Fishy skeletons

13 March, 2011

Grey Nurse Shark jaw (<I>Carcharias taurus</I>).
Grey Nurse Shark jaw (Carcharias taurus).
Image: Benjamin Healley
Source: Museum Victoria

Question: Are there any fish that do not have bones?

Answer: All fishes have a skeleton of some kind to give support to their bodies.

A number of fish groups have fully cartilaginous skeletons – cartilage is a firm, elastic, flexible type of connective tissue of a translucent whitish or yellowish colour.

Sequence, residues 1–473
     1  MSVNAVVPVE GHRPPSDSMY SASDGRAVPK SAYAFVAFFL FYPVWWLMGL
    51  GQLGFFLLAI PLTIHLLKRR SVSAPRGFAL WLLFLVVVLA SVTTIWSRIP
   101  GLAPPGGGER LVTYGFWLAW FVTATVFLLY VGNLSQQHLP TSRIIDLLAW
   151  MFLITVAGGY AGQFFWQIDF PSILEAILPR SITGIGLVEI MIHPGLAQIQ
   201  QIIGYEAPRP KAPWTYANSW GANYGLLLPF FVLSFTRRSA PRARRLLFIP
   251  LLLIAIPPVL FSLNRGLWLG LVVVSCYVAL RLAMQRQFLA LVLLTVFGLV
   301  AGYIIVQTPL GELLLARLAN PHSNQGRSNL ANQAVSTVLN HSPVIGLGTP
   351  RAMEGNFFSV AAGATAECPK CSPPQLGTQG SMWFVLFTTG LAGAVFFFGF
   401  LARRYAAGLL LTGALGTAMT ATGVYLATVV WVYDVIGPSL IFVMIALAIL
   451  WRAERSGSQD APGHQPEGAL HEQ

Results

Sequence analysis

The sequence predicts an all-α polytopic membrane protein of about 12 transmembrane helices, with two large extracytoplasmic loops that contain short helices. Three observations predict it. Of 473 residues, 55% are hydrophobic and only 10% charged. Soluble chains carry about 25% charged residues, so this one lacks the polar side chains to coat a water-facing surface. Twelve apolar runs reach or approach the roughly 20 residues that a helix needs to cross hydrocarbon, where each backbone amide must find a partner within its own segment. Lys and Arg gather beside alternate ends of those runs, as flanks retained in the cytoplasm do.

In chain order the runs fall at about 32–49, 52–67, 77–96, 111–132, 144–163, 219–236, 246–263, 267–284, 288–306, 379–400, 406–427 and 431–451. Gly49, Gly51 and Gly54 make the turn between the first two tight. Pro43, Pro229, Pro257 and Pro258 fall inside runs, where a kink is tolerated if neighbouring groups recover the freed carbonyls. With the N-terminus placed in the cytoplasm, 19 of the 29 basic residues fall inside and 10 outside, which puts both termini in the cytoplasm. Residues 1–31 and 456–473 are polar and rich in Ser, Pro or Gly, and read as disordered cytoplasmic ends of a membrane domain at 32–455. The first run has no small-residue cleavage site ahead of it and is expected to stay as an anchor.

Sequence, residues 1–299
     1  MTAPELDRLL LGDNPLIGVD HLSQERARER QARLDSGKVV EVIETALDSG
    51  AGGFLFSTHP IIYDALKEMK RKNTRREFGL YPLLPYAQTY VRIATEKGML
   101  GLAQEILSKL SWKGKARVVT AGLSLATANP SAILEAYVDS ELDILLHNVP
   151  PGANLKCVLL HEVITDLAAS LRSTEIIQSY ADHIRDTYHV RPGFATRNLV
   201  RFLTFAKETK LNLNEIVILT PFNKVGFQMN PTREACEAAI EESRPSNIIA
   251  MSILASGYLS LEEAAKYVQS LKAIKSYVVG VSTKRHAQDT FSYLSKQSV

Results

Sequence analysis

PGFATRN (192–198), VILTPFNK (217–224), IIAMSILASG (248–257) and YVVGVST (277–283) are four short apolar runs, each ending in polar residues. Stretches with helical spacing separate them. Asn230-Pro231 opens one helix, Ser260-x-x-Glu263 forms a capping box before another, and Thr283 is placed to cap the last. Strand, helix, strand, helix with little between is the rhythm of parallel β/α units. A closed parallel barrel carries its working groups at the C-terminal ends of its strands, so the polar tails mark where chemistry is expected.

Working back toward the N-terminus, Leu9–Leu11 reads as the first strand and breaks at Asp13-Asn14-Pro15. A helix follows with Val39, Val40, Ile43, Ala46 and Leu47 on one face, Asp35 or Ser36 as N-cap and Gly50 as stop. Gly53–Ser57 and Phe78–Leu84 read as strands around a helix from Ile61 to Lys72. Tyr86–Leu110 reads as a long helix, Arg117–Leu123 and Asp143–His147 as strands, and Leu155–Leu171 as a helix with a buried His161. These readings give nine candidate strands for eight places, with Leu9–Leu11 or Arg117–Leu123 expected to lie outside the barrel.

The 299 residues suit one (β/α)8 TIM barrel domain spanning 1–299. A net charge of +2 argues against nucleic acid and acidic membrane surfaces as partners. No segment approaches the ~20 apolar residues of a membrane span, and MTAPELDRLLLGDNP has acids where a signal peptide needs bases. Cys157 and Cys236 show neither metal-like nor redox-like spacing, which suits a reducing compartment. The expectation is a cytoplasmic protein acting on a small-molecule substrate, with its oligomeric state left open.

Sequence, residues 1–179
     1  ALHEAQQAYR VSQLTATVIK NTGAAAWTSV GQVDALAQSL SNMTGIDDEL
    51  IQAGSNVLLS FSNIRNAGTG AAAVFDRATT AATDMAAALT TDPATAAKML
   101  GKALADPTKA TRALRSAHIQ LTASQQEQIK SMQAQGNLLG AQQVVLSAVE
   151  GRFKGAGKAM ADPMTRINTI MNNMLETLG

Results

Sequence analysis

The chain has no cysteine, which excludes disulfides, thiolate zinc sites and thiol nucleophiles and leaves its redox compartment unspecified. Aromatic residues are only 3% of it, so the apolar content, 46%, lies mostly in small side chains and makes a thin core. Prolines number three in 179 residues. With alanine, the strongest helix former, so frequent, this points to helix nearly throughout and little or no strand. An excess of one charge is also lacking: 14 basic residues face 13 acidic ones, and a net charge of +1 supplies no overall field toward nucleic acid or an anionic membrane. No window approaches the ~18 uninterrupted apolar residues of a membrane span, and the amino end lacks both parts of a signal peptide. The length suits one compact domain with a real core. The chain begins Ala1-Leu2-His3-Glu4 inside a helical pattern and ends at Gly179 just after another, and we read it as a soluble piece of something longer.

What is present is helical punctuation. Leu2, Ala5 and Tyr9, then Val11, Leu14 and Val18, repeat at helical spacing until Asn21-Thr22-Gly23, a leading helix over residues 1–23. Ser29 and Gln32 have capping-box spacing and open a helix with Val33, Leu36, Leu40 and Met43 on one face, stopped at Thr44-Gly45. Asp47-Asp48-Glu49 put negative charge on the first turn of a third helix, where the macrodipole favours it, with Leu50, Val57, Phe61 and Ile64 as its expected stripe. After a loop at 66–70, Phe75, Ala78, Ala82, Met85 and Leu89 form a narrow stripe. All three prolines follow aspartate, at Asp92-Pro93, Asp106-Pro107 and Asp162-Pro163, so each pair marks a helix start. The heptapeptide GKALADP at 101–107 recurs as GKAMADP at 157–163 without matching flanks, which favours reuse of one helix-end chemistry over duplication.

The primitive lampreys and hagfishes have very primitive skeletons, as do sharks, rays and chimaeras.

All other fishes have ‘bony’ skeletons, although the skeletons of some deep-sea fishes are poorly ossified (hardened like or into bone).

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Image Gallery

Great white shark (<I>Charcharodon carchrias</I>) autopsy by Barry Bruce (CSIRO Scientist).

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